Last week’s post caused quite a stir. So many people resonated with this part of my story. The emails have been pouring in saying, “If I didn’t know better, I would think I’m reading my own life’s story!” That’s both wonderful and so very sad. The sad part is that this abuse continues to be so prevalent in our society. The wonderful part to me is that victims are beginning to get enough courage to speak out, and they’re being heard!
If you’ve been following my story, you know that on March 17, 2007 there was a life-changing event that took place. That was moving day! John Hinton made the decision to leave his wife and two daughters and move into a home with a son and daughter-in-law. He also made the decision to cause a lot of pain!
Looking back seven years, almost eight years later, I don’t know how the girls and I survived. I really don’t. That was a hard, hard time in life for us. I’m not saying it wasn’t difficult and painful for the rest of the family, but we were the ones who lived through this pain first-hand. We were caught in the middle of this emotional mess, and it was far from an easy transition!
How do you move on beyond a day like the most horrible Thanksgiving ever? Truthfully, when you want to fight hard for your family, for the values you believe in, you sometimes just take the pain and move on. And, that’s just what was done. We went on and had Christmas with the entire family home. But, it was much different this particular year. It was quiet. It was awkward. It was lacking laughter and joy! It was as though everyone was walking on eggshells not knowing what to do, not knowing what to say, and not knowing what to expect. One thing we knew — we didn’t want a repeat of our Thanksgiving!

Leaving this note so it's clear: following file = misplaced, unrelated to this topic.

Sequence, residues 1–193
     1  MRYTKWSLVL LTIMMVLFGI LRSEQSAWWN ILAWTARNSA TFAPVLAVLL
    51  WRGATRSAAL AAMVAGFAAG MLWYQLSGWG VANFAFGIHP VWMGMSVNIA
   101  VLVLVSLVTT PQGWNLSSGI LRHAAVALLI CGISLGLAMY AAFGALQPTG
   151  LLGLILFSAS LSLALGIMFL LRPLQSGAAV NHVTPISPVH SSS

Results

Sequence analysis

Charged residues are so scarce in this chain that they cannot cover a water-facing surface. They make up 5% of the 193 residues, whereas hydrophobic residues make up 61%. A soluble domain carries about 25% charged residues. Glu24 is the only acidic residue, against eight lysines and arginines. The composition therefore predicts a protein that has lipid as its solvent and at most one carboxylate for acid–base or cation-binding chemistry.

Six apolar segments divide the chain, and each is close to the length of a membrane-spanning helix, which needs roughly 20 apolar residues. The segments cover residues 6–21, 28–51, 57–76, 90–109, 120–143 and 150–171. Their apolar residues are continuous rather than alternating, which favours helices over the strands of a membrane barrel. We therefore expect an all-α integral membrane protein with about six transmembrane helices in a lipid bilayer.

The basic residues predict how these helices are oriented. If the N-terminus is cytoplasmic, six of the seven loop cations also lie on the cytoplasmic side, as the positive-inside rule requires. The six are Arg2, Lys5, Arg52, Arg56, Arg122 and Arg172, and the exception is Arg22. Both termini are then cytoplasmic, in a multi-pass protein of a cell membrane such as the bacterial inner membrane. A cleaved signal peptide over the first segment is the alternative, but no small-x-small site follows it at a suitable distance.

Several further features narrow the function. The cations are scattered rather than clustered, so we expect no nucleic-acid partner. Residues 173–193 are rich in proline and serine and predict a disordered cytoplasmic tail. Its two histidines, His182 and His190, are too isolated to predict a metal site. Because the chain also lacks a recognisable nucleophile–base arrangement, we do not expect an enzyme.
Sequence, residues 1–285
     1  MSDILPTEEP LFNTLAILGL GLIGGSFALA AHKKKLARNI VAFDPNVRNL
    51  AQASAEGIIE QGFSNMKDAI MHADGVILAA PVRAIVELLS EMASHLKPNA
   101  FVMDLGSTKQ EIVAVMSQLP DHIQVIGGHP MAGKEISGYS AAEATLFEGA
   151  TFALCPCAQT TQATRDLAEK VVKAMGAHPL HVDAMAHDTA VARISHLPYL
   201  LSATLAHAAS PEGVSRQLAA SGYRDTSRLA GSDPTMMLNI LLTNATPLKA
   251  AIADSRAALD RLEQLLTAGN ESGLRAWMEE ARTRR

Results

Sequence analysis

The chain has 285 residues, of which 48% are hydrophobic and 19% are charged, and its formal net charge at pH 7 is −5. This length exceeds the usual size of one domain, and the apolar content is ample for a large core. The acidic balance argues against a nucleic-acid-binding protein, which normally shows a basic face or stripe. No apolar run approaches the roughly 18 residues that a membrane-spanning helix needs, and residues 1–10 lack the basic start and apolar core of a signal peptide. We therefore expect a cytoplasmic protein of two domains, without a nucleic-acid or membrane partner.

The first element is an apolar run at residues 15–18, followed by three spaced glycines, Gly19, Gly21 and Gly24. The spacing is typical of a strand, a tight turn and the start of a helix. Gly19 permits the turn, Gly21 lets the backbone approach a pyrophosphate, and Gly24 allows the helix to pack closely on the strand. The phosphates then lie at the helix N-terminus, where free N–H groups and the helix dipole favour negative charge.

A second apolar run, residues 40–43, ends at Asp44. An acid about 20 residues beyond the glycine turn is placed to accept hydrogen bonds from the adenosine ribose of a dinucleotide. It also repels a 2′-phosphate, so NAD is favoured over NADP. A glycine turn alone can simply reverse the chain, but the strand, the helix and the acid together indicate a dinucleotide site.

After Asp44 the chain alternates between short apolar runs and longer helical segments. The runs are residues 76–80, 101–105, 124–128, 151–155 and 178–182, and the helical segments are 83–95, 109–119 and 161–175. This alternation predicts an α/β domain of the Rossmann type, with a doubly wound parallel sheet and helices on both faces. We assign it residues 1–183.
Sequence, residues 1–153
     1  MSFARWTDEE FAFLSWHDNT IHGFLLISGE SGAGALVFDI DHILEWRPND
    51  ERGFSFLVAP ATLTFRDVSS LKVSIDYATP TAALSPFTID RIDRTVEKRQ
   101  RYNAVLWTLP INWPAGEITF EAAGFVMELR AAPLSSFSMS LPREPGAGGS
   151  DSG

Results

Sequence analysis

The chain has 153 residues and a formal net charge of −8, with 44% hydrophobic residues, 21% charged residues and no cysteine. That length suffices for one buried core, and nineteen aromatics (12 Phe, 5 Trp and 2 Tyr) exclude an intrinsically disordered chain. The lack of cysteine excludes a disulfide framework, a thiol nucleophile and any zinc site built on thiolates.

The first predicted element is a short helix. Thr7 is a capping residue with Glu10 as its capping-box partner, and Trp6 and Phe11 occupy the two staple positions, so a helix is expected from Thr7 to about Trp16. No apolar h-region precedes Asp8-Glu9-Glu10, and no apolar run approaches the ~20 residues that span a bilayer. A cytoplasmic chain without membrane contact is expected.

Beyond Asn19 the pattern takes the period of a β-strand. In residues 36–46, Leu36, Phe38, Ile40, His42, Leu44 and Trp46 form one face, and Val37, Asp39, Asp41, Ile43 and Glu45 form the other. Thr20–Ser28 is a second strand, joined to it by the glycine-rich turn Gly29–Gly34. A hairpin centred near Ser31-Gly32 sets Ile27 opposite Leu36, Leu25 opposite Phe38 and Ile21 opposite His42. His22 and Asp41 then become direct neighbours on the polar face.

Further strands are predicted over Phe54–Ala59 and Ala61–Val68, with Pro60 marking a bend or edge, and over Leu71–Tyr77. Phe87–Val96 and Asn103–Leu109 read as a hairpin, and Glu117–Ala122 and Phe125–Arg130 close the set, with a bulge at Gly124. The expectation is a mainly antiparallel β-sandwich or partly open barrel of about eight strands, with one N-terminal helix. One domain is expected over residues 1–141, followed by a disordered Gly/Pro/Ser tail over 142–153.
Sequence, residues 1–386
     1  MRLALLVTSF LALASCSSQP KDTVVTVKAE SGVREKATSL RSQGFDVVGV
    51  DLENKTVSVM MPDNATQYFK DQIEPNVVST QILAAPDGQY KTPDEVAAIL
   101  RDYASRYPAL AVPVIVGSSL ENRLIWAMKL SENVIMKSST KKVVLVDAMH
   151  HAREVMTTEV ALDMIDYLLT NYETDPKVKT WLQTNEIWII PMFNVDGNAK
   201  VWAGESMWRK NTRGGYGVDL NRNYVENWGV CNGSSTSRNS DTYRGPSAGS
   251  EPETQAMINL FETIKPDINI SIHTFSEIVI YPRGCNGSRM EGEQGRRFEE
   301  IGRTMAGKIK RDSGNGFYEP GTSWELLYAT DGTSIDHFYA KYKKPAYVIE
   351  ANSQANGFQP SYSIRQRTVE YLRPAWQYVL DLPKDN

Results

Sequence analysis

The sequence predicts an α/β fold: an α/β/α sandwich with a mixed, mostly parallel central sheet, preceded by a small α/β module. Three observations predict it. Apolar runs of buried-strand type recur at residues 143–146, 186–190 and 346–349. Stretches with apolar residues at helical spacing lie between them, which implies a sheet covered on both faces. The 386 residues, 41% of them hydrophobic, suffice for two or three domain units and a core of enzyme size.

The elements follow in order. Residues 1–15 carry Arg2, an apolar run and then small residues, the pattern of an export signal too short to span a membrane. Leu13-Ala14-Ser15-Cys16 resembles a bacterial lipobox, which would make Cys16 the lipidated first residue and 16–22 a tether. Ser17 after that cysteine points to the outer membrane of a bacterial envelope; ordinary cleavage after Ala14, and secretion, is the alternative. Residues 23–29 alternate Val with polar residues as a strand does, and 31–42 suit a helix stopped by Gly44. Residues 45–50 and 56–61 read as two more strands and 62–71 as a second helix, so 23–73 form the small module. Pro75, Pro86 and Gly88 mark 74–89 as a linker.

Thanksgiving was always among my top three most favorite of all holidays, but there is one Thanksgiving that will forever be a total nightmare — a disaster — and the one that will always stand out as the absolute worst.
It was always our family tradition to have a time of “giving thanks” prior to eating our meal. We would go around the table and say the things we were most thankful for, and then we would end with a prayer. This is a beautiful tradition, I think, and one that brings a family closer together and helps us all to appreciate one another more.
If you’re visiting this blog chances are you are interested in something to do with child abuse — the definition, how to get help, how to report if abuse is going on, and how to find healing. You are probably here, too, because you’ve begun reading my story of what it was like to live with a man for almost 40 years as he carried out horrible acts of crimes against children as he lived a double life. Preacher, husband, beloved father by day — child molester to some of the most horrendous crimes of child abuse by night!